Many years ago, some time in the 1960s, Mahendra Swarup, the man
who started Paharpur Timbers Private Limited in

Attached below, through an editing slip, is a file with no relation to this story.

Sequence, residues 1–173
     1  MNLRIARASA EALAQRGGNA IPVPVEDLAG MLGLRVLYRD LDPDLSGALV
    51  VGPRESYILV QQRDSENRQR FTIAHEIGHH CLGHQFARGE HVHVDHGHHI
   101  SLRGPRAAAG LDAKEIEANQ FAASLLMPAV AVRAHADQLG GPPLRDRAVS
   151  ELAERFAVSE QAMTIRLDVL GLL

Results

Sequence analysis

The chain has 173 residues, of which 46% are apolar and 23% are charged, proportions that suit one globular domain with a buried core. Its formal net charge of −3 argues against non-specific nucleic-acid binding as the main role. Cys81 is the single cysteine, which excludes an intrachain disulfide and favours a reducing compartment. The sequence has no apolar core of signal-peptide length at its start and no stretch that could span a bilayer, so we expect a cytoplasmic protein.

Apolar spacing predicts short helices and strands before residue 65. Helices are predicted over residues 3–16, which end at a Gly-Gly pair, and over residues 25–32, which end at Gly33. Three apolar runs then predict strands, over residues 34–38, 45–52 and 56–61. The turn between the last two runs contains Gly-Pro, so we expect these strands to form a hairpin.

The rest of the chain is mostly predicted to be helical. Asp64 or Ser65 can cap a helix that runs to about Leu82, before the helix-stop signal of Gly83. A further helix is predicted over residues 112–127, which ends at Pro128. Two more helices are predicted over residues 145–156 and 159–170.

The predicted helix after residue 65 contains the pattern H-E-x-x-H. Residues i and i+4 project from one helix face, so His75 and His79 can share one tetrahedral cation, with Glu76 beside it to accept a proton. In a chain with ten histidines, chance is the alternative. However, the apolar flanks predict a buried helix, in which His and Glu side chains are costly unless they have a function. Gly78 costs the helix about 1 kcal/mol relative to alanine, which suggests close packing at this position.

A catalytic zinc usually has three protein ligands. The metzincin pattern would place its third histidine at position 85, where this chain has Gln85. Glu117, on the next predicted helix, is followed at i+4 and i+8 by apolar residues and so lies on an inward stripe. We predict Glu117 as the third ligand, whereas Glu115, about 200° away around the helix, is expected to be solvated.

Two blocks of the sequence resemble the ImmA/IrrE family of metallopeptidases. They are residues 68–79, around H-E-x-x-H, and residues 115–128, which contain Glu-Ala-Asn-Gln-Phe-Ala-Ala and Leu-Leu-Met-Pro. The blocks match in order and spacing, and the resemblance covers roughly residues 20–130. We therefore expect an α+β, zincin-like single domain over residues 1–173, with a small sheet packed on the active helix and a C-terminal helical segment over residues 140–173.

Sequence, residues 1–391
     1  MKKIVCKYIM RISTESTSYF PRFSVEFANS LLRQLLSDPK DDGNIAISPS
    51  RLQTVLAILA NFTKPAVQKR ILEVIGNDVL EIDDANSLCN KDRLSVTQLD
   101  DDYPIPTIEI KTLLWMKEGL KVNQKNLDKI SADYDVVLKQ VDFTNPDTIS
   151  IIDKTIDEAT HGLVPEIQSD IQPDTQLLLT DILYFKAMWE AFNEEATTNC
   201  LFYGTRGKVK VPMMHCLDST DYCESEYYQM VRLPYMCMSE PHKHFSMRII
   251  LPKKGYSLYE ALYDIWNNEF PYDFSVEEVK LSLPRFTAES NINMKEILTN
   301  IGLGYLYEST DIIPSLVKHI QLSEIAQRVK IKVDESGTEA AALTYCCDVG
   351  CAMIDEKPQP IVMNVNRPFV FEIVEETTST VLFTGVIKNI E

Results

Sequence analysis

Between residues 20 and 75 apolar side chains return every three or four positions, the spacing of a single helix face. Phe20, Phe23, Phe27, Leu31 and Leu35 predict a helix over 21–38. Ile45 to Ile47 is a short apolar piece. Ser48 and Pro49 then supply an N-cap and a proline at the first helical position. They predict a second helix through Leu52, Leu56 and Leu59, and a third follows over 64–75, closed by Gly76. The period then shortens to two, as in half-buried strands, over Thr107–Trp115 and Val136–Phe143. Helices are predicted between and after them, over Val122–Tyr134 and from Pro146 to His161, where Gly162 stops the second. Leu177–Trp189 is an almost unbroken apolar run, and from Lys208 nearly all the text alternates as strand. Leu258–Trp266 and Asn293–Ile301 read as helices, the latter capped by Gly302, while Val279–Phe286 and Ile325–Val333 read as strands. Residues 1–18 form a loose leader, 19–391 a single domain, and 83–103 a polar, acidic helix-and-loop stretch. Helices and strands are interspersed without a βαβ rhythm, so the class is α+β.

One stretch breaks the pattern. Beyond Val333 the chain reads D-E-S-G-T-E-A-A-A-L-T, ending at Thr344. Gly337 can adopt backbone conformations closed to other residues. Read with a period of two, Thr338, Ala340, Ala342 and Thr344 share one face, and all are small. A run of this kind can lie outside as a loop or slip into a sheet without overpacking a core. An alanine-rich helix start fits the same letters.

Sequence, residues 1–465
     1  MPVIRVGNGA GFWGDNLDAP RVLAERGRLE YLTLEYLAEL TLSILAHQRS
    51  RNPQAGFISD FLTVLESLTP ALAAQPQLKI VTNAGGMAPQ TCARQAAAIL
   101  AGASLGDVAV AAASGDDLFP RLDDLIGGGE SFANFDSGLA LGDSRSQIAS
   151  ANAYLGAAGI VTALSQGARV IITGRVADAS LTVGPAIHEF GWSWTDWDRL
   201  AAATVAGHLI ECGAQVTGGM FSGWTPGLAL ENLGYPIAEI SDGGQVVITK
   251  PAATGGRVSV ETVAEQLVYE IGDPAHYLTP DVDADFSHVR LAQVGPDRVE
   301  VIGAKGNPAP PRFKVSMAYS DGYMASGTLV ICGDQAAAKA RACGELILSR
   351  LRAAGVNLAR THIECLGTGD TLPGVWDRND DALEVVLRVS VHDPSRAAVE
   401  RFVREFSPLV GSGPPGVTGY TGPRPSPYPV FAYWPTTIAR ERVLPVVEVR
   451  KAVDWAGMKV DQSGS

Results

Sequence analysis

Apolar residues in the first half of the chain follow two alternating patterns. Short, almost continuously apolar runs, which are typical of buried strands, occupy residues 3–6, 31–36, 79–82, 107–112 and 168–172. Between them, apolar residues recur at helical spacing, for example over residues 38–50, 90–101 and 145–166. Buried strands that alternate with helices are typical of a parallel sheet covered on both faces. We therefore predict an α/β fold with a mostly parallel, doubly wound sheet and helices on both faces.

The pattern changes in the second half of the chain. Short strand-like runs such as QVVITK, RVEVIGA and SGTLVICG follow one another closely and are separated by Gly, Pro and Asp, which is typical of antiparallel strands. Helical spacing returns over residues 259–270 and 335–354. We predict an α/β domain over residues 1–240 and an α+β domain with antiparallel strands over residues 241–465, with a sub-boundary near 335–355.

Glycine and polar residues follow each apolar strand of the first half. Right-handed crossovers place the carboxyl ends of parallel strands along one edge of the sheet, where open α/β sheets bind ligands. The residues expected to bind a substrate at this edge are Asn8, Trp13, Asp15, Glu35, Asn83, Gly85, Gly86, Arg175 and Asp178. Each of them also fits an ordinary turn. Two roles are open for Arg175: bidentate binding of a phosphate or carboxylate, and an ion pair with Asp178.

Calcutta (now named Paharpur Cooling Towers Ltd., Kolkata) told me the story of how he happened to enter the cooling tower business. His family owned a timber saw mill in the Calcutta dock area. In the beginning sawn timber and packing cases were manufactured and supplied to various industrial units and defence factories. Subsequently, more sophisticated items like ammunition boxes, truck bodies, railway coaches, etc. Were taken up. After independence, when India embarked on a drive to build new fertilizer and steel plants, the temples of modern India, as Nehru referred to them, cooling towers were imported from US and European companies. It was during 1956, when Fertilizer Corporation of India (FCI) was building India’s fi rst fertilizer plant at Sindri, when a chance opportunity came Mahendra Swarup’s way. The cooling tower for Sindri Fertilizer was being supplied by a US company. In transit, the wooden components of the cooling tower got destroyed in a fi re on board the ship. As the US company would take a long time to supply the replacement wooden components, and the project was nearing completion, the Sindri project chief selected Paharpur for replacing the burnt out wooden components of the cooling towers, specially because he was aware of Mahendra Swarup’s in-depth knowledge of wood and the fact that Paharpur had a modern wood treatment plant. The job was completed in time and Sindri Fertilizer plant was commissioned on schedule. After the successful completion of supplies of replacement treated wood components for the cooling tower at Sindri Fertilizer, a great opportunity came when FCI took up the next fertilizer plant at Rourkela Steel Plant. Here Paharpur succeeded in booking the order for the complete cooling tower against international competition with part supplies from India and part from USA. The Marley Company (later known as The Marley Cooling Tower Company) of USA provided the mechanical equipment as well as the technical knowhow. This order was given on turnkey basis and included design, manufacture, erection and commissioning of the cooling tower. New technology had to be absorbed by Mehendra Swarup almost singlehanded as Paharpur did not have many qualified engineers then. In 1962, after successfully completing the cooling tower for Rourkela Fertilizer Plant, Paharpur entered into a long-term technical collaboration agreement with The Marley Company. The technical collaboration between Paharpur and Marley lasted 30 years, by which time Paharpur had absorbed the technology fully and had established its own R&D facilities. Today, Paharpur is the largest integrated cooling tower company in Asia, producing all types of cooling towers, including giant concrete hyperbolic cooling towers for power plants. Paharpur’s range covers all capacities, from the smallest to the largest, in all types and with varied materials of construction. They have the largest range of CTI certified cooling towers in India and they are the only ones with CTI certifi ed cooling towers of crossflow design. The first tower for the HVAC industry was sold to Blue Star Ltd in 1963 for a 1200 ton centrifugal chiller installation at the Bhandara High Explosives Factory in Maharashtra and there has been no looking back since. Though the HVAC industry is a small contributor to Paharpur’s sales today, it plays a very important role in the business as many of their towers are located in prestigious modern airports and large hotels. With installations in over 50 countries all around the world, Paharpur’s sales in 2013-14 was over 1200 crores.
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